Jabeur reaches Wimbledon semifinals, makes more history for Arab tennis

London, Jul 5 (EFE).- Tunisian world No. 2 Ons Jabeur made more history at Wimbledon on Tuesday, defeating the Czech Republic’s Marie Bouzkova 3-6, 6-1, 6-1 to become the first Arab or North African-born player – man or woman – to reach the semifinals of a Grand Slam singles event.

A year after she became the first female Arab player to reach the Wimbledon quarterfinals, Jabeur stormed back from a slow start to dominate the final two sets against her 66th-ranked opponent.

In the early going of that Centre Court contest, Jabeur tried to dictate the rallies with big hitting from the back of the court and bring Bouzkova forward with her pet weapon – the drop shot.

But her Czech rival was more than up to the task, showing good lateral movement and racket control to defend along the baseline and also reading Jabeur’s drop shots and responding to them with interest.

Bouzkova’s expert scrambling, combined with some loose errors off the racket of Jabeur, caused the Tunisian to drop her serve once in the fifth game and yet again in the ninth game to lose the opening set.

The 23-year-old Czech underdog had gotten off to a near-perfect start, making six unforced errors to Jabeur’s 14, bettering her opponent in terms of first-points won (65 percent to 53 percent) through one set and not getting broken in her first four service games.

But her first-serve effectiveness plummeted dramatically over the final two sets, with Bouzkova only winning six of 19 first-serve points (32 percent) in the second set and just four of 14 (29 percent) in the decider.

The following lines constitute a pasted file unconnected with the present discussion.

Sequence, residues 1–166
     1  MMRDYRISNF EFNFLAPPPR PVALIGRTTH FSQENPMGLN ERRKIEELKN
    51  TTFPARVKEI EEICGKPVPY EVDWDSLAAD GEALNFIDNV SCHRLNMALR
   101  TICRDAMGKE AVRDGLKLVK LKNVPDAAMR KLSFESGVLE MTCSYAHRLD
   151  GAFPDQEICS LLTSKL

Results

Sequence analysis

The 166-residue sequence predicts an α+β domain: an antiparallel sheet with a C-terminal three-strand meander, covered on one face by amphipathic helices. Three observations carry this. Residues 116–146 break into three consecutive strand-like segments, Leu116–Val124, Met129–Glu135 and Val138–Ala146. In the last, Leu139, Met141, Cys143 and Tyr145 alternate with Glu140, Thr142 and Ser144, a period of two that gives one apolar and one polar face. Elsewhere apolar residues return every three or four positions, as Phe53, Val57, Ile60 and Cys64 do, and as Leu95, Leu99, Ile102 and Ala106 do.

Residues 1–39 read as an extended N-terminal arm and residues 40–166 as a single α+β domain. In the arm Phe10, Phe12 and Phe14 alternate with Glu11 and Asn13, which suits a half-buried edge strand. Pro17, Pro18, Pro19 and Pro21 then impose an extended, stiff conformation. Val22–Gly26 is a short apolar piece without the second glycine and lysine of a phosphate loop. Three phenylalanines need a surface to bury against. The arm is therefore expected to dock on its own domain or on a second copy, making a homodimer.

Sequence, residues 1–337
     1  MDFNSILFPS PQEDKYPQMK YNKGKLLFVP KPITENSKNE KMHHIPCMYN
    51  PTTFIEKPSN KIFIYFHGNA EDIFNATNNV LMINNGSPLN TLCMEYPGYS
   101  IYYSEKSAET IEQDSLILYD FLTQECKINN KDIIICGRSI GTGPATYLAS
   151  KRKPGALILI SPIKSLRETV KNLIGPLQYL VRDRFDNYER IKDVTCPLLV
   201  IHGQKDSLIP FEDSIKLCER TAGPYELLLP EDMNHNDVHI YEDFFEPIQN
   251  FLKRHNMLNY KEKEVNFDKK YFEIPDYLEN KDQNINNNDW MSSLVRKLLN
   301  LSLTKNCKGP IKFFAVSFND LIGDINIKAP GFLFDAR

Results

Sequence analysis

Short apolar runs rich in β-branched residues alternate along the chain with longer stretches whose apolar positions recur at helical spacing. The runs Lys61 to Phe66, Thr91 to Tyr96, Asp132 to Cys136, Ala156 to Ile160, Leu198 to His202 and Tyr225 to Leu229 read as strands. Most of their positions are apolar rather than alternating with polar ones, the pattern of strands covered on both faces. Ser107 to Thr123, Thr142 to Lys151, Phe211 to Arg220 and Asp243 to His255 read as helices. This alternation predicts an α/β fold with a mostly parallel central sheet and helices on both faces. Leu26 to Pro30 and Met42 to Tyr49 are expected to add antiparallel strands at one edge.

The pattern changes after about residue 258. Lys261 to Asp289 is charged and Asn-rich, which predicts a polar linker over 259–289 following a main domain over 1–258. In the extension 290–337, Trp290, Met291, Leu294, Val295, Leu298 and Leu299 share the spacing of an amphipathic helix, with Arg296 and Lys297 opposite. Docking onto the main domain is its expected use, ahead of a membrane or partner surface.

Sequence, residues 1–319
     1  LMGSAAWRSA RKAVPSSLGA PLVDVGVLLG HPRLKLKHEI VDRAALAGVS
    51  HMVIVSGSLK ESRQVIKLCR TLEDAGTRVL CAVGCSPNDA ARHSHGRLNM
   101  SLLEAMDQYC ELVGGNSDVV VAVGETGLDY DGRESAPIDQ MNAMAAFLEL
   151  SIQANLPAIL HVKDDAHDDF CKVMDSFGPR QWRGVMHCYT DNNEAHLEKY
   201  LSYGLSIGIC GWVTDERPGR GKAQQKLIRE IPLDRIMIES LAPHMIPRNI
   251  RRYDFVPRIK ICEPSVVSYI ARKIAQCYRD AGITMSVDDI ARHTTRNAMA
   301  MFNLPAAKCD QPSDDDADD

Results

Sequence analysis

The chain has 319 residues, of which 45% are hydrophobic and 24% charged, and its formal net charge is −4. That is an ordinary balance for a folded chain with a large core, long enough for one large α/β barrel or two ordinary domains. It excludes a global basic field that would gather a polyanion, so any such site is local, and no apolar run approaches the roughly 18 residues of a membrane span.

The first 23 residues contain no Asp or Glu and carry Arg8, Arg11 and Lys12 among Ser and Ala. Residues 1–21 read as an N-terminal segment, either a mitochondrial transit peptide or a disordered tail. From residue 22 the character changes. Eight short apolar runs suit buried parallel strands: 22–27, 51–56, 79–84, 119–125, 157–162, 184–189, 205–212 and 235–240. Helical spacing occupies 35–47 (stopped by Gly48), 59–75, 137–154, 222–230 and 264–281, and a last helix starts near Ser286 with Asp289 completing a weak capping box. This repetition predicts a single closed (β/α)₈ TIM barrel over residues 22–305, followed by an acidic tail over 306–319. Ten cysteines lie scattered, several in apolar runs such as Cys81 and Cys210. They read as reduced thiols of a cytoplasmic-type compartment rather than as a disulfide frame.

That led to her suffering a whopping six service breaks the rest of the way, the first of them coming in the opening game of the second set.

As the match wore on, Jabeur increasingly found her range from the baseline, was more effective with her net approaches and became more lethal with the drop shot.

The No. 3 seed was in full flight when she hit a skidding inside-out backhand on break point to go up 4-0 in the third set.

Although she played a loose game immediately afterward to let Bouzkova on the scoreboard in the decider, she clinched victory two games later when her opponent dumped a forehand return of serve in the net.

“I’m really, really happy, especially that (the historic win) happened on this court because I have so much love for this court, and hopefully the journey for me will continue,” the 27-year-old Tunisian said afterward.

“I knew Marie was going to come and really make me work to win a point. She’s a talented player and I’m really happy that I woke up in the second set and I played much better in the third set.”

Next up for Jabeur in Thursday’s semifinals will be the biggest surprise of the women’s tournament, Germany’s Tatjana Maria, a 34-year-old mother of two who sliced and diced her way to a 4-6, 6-2, 7-5 victory earlier Tuesday over countrywoman Jule Niemaier.

Maria, who is one of Jabeur’s best friends on the WTA Tour, had only reached one Grand Slam third round in 34 previous major singles appearances prior to this fortnight.

“I love Tatjana so much, and her family is really amazing; she’s my barbecue buddy,” Jabeur joked afterward. “It’s going to be tough to play her obviously, but she’s a great friend and I’m really happy for her that she’s in the semifinal. EFE


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